Influence of genetic variants in the NOD2 gene may play a more important role in disease activity, behaviour and treatment of pediatric- than adult-onset Crohn’s disease (CD).
85 pediatric- and 117 adult-onset CD patients were tested for the three main NOD2 CD-associated variants (p.R702W, p.G908R and p.10007fs) and clinical data of at least two years of follow-up were compared regarding disease behaviour and activity, response to therapy and bone mineral density (BMD).
Chronic active and moderate to severe course of CD is associated in patients with pediatric-onset (p=0.0001) and NOD2 variant alleles (p=0.0001). In pediatric-onset CD the average PCDAI-Score was significantly higher in patients carrying NOD2 variants (p=0.0008). In addition, underweight during course of the disease (p=0.012) was associated with NOD2 variants. Interestingly, osteoporosis was found more frequently in patients carrying NOD2 variant alleles (p=0.033), especially in pediatric-onset CD patients with homozygous NOD2 variants (p=0.037). Accordingly, low BMD in pediatric-onset CD is associated with a higher PCDAI (p=0.0092), chronic active disease (p=0.0148), underweight at diagnosis (p=0.0271) and during follow-up (p=0.0109). Furthermore, pediatric-onset CD patients with NOD2 variants are more frequently steroid-dependent or refractory (p=0.048) and need long-term immunosuppressive therapy (p=0.0213).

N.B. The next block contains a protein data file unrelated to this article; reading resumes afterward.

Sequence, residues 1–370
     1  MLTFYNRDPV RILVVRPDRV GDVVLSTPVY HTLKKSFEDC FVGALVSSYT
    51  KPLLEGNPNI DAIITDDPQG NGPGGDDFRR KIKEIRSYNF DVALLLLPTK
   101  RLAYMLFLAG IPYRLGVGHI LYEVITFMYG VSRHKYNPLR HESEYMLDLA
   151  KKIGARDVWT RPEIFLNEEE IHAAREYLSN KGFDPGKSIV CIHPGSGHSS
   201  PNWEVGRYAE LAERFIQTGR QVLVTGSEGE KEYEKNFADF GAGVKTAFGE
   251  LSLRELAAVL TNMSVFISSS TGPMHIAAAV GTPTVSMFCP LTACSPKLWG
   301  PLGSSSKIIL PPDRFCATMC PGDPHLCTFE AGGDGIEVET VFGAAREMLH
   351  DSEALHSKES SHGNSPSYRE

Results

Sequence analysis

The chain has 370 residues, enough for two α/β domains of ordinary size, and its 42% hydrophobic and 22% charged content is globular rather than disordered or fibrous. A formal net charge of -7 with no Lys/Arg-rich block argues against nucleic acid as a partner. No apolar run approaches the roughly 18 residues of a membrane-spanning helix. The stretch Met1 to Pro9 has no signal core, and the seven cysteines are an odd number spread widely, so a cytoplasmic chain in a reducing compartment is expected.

These data suggests that the presence of any of the main NOD2 variants in CD is associated with osteoporosis and an age of onset dependent influence towards underweight, higher disease activity and a more intensive immunosuppressive therapy. This observation supports the idea for an early intensive treatment strategy in children and adolescent CD patients with NOD2 gene variants.